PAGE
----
By all accounts, these are trying times. So last week when the CSU Extension Boulder County Demonstration Garden received a Plant Select ™ Showcase Garden Award, it felt extra sweet. The Plant Select™ program is a collaboration between Colorado State University, Denver Botanic Gardens and professional horticulturists. Their goal is to “create smart plant choices for a new American Landscape inspired by the Rocky Mountain Region”. The plants are trialed and chosen based on eight attributes: flourishing with less water, habitat friendly, tough and resilient in challenging climates, one of a kind/unique, resist disease and insects, long lasting beauty, and non-invasive. These are all important qualities in plants that we invite into our spaces.
Our demonstration garden at the Boulder County Fairgrounds in Longmont is one of several such gardens across the state. You can glean a good amount of information from plant tags and online research, but it is helpful to see with your own eyes how plants perform after establishment, or to see plant combinations growing side by side. Many demonstration gardens are in public areas and therefore always open to visitors. They can provide inspiration, a moment of outdoor respite during a busy day or a change of scenery when you want to get some fresh air.
Our demonstration areas include a Colorado native plant garden and the, now award winning (excuse me for tooting our own horn), Plant Select ™ garden which features perennial beds, a rock garden and sidewalk pockets (like the tough, unirrigated strip of ground you might have in front of your house between the sidewalk and the curb). These spaces are a mix of Plant Select™ plants and others found in garden centers and nurseries.
Our gardens do not have irrigation systems but do receive supplemental water periodically during hot, dry spells. We regularly have loads of honeybees, native bees, butterflies and we even get hummingbirds visiting throughout the summer. Some of the Plant Select™ species featured in our gardens that are both water thrifty and attract pollinators are Wild Thing sage (Salvia greggii) and chocolate daisy (Berlandiera lyrata). Wild Thing is a woody perennial with bright pink flowers. It can be a little tender during harsh winters, but with an extra layer of mulch, ours have been going strong even in tough, clay soil. The chocolate daisy is so called because when the sun warms the yellow blooms, they truly smell like a milk chocolate bar! This cheery plant is tough as nails, needs very little water once established and blooms all summer. Other showstoppers include grasses that provide beautiful fall and winter interest once the flowers are done. Among these are UNDAUNTED® Ruby muhly. A bunch grass that grows 20-inches tall and 24-inches wide. In the autumn it has brilliant tiny red flowers (yes, grasses bloom!) that en masse look like delicate pink-red clouds. Standing Ovation little bluestem is another grass that is stunning in fall and winter. During the growing season it has upright, spiky blue-green leaves that transition to shades of red, orange and deep purple in the fall. We leave it standing all winter and seeing those warm colors kissed with frost and surrounded by snow can be stunning.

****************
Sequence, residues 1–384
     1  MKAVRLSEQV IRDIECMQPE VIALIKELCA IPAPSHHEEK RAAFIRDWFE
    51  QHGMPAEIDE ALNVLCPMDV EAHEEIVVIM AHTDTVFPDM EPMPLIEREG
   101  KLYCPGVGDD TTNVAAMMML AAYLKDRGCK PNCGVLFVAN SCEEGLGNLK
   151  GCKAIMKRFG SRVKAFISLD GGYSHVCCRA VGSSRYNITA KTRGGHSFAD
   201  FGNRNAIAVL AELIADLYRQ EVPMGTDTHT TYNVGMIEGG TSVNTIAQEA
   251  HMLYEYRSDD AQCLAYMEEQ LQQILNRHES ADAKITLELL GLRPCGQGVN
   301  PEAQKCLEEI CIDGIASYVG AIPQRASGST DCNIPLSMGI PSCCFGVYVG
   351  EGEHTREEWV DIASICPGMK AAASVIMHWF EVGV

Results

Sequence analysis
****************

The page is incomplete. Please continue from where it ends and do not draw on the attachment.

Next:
We are honored to have our gardens recognized and would love for you to stop by and visit them (9595 Nelson Road in Longmont). Offices are still closed due to pandemic and employees are working remotely. You can also visit www.plantselect.org for more information on Plant Select™ plants, get design ideas and find other demonstration gardens in your area.
By Deryn Davidson. Deryn is an Extension Agent – Horticulture at Colorado State University Extension Boulder County. For more information contact CSU Extension at the Boulder County Fairgrounds, 9595 Nelson Road, Box B, Longmont, 303.678.6386, e-mail email@example.com or visit boulder.extension.colostate.edu.